Parking Is Sexy Now. Thank Donald Shoup.

In an interview, the guru of progressive parking policy reflects on his decades of research and writing, which transformed how cities look at the curb.

What’s the most emotional topic in transportation? According to Donald Shoup, it’s parking.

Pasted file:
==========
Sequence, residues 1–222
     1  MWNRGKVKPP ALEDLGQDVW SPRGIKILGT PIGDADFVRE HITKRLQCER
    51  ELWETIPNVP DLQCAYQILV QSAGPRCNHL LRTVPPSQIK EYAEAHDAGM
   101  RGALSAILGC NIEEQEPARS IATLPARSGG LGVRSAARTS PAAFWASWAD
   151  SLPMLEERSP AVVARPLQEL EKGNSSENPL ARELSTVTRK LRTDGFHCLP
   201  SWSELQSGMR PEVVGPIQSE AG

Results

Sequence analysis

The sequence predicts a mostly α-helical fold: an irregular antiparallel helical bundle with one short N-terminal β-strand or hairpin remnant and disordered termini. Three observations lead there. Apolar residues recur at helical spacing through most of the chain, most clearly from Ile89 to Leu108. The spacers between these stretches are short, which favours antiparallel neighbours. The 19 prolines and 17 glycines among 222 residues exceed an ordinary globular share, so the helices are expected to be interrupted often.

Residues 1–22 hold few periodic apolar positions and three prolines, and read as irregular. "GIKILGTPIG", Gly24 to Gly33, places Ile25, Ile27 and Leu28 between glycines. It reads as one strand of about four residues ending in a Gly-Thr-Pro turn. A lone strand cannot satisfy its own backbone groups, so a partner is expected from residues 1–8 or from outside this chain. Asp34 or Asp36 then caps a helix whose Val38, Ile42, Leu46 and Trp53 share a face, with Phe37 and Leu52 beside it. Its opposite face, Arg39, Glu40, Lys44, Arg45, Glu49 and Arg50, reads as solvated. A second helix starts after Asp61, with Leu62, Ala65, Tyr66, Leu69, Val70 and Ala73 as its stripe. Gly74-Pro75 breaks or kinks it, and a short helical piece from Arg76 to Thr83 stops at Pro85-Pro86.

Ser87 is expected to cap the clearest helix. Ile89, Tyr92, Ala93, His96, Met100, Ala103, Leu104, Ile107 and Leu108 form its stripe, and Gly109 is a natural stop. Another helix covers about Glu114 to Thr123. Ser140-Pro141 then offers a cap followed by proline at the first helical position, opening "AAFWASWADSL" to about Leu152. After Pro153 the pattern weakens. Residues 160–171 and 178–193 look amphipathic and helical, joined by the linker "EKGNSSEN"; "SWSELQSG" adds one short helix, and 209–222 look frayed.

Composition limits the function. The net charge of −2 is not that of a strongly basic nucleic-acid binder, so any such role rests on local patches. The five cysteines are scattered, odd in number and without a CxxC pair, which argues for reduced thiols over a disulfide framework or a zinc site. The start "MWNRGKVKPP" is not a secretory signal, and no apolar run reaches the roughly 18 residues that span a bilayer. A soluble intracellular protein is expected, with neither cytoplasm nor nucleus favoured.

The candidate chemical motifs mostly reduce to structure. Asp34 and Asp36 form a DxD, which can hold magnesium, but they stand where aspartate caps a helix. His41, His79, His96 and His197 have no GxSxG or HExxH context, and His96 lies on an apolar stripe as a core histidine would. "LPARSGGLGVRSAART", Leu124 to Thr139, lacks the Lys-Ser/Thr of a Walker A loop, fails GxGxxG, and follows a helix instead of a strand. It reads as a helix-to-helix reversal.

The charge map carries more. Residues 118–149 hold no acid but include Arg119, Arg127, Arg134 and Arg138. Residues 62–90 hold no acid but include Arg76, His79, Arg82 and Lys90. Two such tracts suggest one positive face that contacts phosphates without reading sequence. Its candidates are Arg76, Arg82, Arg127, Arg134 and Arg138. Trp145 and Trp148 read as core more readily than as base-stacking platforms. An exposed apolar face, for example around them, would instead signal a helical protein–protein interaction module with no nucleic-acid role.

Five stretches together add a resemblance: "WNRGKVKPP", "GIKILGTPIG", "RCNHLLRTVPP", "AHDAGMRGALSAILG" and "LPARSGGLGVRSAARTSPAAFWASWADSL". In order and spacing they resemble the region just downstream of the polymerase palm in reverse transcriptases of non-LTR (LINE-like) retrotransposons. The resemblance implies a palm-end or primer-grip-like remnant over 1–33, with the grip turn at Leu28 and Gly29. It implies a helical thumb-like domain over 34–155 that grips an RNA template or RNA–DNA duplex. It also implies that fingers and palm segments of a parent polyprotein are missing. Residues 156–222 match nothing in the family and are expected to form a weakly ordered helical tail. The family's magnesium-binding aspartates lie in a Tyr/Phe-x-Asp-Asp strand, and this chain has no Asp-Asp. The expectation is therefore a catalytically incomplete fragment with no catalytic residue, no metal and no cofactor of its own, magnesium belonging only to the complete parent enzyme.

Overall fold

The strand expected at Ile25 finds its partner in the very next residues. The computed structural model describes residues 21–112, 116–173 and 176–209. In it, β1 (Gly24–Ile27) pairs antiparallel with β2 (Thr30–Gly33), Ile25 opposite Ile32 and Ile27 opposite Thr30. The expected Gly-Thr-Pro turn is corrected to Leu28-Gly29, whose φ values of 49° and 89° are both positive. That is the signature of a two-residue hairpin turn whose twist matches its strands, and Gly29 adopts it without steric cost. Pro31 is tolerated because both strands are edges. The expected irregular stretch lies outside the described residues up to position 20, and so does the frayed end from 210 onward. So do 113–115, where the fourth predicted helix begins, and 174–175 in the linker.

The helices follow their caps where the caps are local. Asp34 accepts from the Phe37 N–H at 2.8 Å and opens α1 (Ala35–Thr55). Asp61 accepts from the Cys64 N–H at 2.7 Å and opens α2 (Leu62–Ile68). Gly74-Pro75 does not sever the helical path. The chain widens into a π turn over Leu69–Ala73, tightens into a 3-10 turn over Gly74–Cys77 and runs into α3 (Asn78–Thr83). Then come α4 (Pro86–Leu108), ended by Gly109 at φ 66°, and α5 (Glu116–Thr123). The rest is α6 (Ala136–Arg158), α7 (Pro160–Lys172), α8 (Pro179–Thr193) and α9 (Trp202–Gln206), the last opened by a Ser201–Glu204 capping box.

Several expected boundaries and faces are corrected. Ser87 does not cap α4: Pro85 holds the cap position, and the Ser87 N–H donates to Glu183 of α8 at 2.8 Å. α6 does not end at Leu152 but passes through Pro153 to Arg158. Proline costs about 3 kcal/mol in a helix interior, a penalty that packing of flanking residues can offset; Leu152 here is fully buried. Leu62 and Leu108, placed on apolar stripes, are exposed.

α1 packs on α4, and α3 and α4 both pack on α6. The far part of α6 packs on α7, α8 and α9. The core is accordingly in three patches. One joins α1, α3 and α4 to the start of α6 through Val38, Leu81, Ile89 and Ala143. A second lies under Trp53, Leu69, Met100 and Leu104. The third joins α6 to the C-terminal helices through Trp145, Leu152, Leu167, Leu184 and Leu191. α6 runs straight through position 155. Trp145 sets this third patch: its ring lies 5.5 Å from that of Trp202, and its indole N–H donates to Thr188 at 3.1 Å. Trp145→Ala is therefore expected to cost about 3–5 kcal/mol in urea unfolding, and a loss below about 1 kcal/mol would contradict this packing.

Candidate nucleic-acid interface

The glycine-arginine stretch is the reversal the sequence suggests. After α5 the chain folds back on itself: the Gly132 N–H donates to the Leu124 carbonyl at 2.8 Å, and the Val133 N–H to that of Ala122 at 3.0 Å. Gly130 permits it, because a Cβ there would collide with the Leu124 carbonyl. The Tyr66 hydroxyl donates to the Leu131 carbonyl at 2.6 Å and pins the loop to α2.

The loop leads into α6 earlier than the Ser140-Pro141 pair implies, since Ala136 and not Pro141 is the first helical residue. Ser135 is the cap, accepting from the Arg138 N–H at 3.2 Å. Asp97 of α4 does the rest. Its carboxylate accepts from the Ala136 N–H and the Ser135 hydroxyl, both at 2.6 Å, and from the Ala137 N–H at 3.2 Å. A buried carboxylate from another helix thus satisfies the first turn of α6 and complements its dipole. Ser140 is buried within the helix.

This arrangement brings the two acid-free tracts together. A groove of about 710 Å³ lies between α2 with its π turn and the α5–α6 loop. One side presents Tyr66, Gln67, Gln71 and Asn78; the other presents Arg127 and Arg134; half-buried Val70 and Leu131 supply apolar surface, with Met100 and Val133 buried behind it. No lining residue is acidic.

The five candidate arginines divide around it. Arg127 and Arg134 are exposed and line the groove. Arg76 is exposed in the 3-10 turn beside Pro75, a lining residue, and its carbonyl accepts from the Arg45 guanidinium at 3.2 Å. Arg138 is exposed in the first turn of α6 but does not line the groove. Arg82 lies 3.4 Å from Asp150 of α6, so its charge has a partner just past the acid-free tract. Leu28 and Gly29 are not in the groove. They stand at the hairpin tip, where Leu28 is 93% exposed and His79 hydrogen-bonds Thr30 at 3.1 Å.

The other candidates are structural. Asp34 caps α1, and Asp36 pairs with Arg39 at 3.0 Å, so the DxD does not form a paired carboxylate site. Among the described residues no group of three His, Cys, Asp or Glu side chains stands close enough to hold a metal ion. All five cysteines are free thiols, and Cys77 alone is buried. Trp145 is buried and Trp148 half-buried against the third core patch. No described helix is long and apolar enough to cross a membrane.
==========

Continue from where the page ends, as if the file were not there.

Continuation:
“Thinking about parking seems to take place in the reptilian cortex, the most primitive part of the brain responsible for making snap judgments about flight-or-flight issues, such as how to avoid being eaten,” Shoup writes in the introduction to his new book, Parking and the City (Planner’s Press, Routledge, 2018). “The reptilian cortex is said to govern instinctive behavior involved in aggression, territoriality, and ritual display—all important issues in parking.” Those screaming matches outside Trader Joe’s and tire-slashing episodes in Boston’s winter curb wars make slightly more sense in that frame: The threat of extra walking may be developed society’s most common, adrenaline-triggering equivalent to a charging fanged animal.

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